I’m studying for the MS-900 exam (yes, yes, I know I said I was going to take a break from exams…), and one thing I’m really struggling to reconcile in my head is that all of the security-related questions are much more technically in-depth than any of the questions I remember getting in the security-focussed SC-900 exam or its preparation material. In fact, a lot of the questions seem to be more in-depth than the equivilent tests for most of the other Fundamentals-level exams I’ve studied for.

Like, SC-900 didn’t touch on Password Hash Sychronisation, or Pass-Through Authentication at all (at least, not by name). Like all 900-series exams it covered the area broadly, but at a relatively shallow technical knowledge level.

It’s not a big thing, but it’s enough of a WTF moment whenever it comes up that I often doubt myself when answering the practice questions, because I should know this. So far I’m finding MS-900 to be one of the harder Fundamentals exams to prepare for. Not quite as bad as PL-900, but it’s getting up there. I’ve generally found the practice exams to be harder than the real thing (to help you learn the material), so it could be an element of that at play.

I guess we’ll find out on Monday morning!


Results May Vary

We got our fully fibre-optic internet connection fitted and activated today. The engineer arrived promptly, just after 8am, and despite the previous engineers making his job more difficult by fitting the connection point in an awkward spot he managed to finish everything within an hour and a half.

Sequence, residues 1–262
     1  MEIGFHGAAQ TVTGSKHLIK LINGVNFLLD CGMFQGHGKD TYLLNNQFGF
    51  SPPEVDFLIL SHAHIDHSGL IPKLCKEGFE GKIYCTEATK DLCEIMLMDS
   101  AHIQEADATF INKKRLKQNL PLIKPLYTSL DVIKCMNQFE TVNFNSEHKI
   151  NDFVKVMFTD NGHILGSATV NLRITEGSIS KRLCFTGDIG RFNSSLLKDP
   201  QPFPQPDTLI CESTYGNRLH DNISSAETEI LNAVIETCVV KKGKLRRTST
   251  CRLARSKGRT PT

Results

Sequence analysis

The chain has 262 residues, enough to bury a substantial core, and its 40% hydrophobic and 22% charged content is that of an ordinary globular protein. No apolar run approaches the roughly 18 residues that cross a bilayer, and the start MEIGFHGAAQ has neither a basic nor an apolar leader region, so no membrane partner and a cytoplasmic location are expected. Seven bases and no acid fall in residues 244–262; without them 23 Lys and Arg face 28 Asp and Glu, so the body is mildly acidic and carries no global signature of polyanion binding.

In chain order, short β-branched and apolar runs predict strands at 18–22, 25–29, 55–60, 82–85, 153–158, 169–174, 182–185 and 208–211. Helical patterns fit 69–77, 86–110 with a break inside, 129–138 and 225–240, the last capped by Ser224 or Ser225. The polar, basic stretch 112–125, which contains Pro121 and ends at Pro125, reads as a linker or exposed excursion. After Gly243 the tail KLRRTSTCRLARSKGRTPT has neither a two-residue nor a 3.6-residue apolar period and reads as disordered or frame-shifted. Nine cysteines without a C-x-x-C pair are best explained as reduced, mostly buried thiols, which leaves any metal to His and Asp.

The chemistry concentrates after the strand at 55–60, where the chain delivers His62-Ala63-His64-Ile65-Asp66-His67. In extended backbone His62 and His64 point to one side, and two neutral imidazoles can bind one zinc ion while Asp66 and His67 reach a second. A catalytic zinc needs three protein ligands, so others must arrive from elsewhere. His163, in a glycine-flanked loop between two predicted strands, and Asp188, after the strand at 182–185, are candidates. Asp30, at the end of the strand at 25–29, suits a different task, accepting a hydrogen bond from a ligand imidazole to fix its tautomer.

Before they left, the engineer ran a speed test on the line, and it reported a maximum speed of roughly 940Mbps in both directions. For comparison, our previous “half fibre” maxed out at around 63Mbps down/30ish up. So 900+Mbps is the confirmed upper bounds we can expect (in theory), and in line with what the ISP is promising.

In reality, things have varied wildly from device to device. I should note here that the engineer’s test was done over ethernet, and all our devices are WiFi-only. Most are up to WiFi 5 (AC) standards, but we do have a few still on the older WiFi N.